Geriatr Gerontol Int. 2022 Aug 3. doi: 10.1111/ggi.14429. Online ahead of print.
AIM: To investigate the association between medication use and long-term all-cause mortality in a Brazilian stroke cohort.
METHODS: Both ischemic and hemorrhagic stroke were evaluated. Medication use was assessed as: never, only pre-stroke, only post-stroke, and continuous use. We evaluated anti-hypertensives, anti-diabetics, lipid-lowering drugs, anti-platelets, and anti-coagulants. Cox regression models were adjusted for sociodemographic and cardiovascular risk factors.
RESULTS: Among 1173 incident stroke cases (median age: 68; 86.8% were ischemic, 70% first-ever stroke), medication use was low (overall: 17.5% pre-stroke, 26.4% post-stroke, and 40% were under continuous use). Anti-hypertensives and anti-platelets (aspirin) were the continuous cardiovascular medications used most often, at 83.5% and 72%, respectively, while statins (39.7%) and anti-diabetics (31.3%) were the least used. Medication use (pre-stroke, post-stroke and continuous use) was associated with a reduction in all-cause mortality risk, particularly among those under continuous use (multivariable hazard ratio, 0.52; 95% confidence interval (CI), 0.46-0.66) compared with never-users. Among ischemic stroke patients, this effect was similar (multivariable hazard ratio, 0.52; 95% CI, 0.40-0.68). No significant associations were evident among hemorrhagic stroke patients.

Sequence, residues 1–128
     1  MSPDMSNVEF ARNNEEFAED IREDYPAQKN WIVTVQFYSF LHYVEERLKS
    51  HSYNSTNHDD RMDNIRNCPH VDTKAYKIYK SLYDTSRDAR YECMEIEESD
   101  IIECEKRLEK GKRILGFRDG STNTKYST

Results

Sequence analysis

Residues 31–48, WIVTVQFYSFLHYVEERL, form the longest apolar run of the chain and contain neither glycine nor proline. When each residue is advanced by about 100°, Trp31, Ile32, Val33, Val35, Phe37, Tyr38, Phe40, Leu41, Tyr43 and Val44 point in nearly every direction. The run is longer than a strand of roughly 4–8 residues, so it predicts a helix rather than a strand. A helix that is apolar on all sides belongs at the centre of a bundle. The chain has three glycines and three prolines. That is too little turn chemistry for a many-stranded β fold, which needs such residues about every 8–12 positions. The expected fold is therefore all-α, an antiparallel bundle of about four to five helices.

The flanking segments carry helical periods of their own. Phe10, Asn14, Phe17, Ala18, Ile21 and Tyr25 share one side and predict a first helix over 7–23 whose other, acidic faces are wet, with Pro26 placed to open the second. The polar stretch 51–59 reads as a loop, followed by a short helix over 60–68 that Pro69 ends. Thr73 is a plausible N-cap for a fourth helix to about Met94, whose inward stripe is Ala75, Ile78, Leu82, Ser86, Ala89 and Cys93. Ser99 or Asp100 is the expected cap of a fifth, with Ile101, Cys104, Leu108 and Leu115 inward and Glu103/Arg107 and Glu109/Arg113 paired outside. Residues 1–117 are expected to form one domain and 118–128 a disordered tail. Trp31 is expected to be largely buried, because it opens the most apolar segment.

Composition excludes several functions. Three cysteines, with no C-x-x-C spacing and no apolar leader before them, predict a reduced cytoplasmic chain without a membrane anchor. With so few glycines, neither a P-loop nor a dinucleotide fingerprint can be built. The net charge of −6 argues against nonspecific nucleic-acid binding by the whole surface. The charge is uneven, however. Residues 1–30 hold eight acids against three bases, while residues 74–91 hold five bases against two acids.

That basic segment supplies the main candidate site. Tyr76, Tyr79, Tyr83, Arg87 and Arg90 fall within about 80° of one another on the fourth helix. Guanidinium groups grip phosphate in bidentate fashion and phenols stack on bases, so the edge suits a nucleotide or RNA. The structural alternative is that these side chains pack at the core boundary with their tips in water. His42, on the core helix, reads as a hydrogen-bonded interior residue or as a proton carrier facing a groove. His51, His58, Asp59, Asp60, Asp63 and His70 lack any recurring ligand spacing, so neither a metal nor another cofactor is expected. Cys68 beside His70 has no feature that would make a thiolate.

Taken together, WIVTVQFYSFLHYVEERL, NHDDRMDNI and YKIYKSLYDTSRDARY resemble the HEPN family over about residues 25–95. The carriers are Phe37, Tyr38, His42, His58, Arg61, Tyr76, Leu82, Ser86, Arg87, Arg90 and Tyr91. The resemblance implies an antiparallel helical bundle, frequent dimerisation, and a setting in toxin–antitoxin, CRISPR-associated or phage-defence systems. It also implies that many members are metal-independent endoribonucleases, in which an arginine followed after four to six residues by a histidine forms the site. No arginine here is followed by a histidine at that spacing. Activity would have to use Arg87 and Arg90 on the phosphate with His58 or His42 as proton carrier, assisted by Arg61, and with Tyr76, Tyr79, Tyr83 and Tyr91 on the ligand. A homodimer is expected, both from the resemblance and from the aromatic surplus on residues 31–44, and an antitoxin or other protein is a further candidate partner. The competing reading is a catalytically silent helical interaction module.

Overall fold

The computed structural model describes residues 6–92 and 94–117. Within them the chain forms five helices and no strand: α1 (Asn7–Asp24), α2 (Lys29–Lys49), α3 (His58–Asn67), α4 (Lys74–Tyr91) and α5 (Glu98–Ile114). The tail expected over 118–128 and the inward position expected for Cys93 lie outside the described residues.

CONCLUSIONS: The risk of all-cause mortality was reduced by 48% among those with ischemic stroke under continuous use of medications. Secondary prevention should be emphasized more strongly in clinical practice. Geriatr Gerontol Int 2022; ••: ••-••.